Baby, it’s cold outside, and one of the best things for warming up on a cold day is a bowl of hot soup. For many people this means grabbing a can from the pantry, but there are plenty of good reasons to make your own soup from scratch. I promise it’s not hard! All of my children knew how to make cream soups from scratch by their early teens. And it’s not time consuming. Depending upon what kind you make, it will only take 5 to 15 minutes more than heating up a can of soup.
What’s so bad about canned soup?
First of all, soup cans are lined with bisphenol-A, which is usually called BPA. It is an endocrine disruptor, which means it messes with the hormones in your body. So, if your pancreas, thyroid, or ovaries are not performing optimally, it could be because of all the BPA and other endocrine disruptors you are consuming or absorbing through your skin every day. In addition to that, canned soups also contain non-nutritive food additives that are made from GMOs, which have been associated with a long list of negative health outcomes. To top it off, there is usually very little nutrition in canned soup because of the high heat required for canning, which also destroys the fiber. And they are often high in salt, sugar, and unhealthy fats.
How to make cream soup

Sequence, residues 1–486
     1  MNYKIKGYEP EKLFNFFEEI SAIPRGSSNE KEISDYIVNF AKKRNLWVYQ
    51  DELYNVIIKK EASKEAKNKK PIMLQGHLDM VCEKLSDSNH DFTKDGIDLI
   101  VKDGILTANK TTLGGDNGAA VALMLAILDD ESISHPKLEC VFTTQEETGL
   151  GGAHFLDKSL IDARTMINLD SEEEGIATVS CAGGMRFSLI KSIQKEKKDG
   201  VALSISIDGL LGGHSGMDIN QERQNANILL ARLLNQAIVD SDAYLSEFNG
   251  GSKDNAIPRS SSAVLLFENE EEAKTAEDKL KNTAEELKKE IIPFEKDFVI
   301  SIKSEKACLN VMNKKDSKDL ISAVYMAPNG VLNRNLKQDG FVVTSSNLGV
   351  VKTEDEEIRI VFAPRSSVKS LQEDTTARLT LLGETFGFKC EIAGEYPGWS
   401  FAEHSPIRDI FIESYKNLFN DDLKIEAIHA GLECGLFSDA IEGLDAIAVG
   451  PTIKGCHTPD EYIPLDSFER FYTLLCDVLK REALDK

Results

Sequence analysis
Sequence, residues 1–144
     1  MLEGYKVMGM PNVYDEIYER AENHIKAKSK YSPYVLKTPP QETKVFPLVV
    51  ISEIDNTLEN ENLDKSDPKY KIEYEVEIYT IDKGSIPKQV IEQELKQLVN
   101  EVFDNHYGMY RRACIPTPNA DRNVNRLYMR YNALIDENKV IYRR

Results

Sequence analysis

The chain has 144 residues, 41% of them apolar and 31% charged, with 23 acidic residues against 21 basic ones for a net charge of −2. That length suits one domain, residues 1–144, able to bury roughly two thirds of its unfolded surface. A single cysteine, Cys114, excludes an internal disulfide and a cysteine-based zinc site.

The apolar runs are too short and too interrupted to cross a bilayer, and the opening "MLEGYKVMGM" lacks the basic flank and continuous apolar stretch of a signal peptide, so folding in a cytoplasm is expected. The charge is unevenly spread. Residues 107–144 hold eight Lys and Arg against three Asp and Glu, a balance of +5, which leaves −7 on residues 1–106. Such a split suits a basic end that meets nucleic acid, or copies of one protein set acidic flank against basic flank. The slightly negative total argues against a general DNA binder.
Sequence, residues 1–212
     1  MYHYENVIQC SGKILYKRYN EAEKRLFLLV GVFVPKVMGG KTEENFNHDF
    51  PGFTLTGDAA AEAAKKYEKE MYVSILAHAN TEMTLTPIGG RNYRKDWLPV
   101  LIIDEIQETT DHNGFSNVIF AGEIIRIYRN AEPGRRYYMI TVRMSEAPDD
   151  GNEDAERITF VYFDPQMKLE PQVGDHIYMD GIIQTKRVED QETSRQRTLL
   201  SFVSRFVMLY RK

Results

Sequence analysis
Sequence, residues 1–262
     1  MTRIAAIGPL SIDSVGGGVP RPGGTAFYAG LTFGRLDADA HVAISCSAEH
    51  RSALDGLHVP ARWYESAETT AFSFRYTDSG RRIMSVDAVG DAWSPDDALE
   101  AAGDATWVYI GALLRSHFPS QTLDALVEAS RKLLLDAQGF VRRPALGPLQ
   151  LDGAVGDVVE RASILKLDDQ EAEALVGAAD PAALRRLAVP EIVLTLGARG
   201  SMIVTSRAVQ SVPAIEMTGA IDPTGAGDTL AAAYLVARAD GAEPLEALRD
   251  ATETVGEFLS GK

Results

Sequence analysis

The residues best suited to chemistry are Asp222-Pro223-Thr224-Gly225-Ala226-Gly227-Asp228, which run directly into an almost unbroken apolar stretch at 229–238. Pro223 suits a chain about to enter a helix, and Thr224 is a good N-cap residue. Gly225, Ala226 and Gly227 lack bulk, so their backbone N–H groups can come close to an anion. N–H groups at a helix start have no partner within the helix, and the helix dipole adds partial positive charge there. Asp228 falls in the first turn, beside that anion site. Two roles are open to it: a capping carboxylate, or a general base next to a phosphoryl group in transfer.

In culinary school, future chefs are not given a finite number of recipes to use. They are taught how to do the basics, such as a cream soup base, and then how to personalize and expand upon them. You don’t need a dozen soup recipes. Using my cream soup base, you can make a dozen different cream soups, chowders, and cheese soups. I’ve listed a few variations below the recipe, but don’t be limited by that. The only thing you need to remember is that if you add liquid, you should reduce the milk by an equal amount. For example, I once made a chili con queso soup. I added a cup of cheddar cheese and a 12 ounce jar of salsa, so I reduced the amount of milk by 12 ounces. Really, your imagination is your only limitation.
Cream Soup Base
- 1/4 cup butter (1/2 stick)
- 1/4 cup flour
- 4 cups milk
- 1/2 teaspoon salt
- 1/4 teaspoon pepper
- white wine (if desired)
- Melt the butter in a pot over low heat so you don’t scorch it.
- Whisk the flour into the melted butter and continue to stir until all lumps have disappeared.
- Add the milk, turn up the heat to medium, and continue stirring until the mixture bubbles.
- Turn off the heat and add salt and pepper.
- Add a splash of white wine, if you like.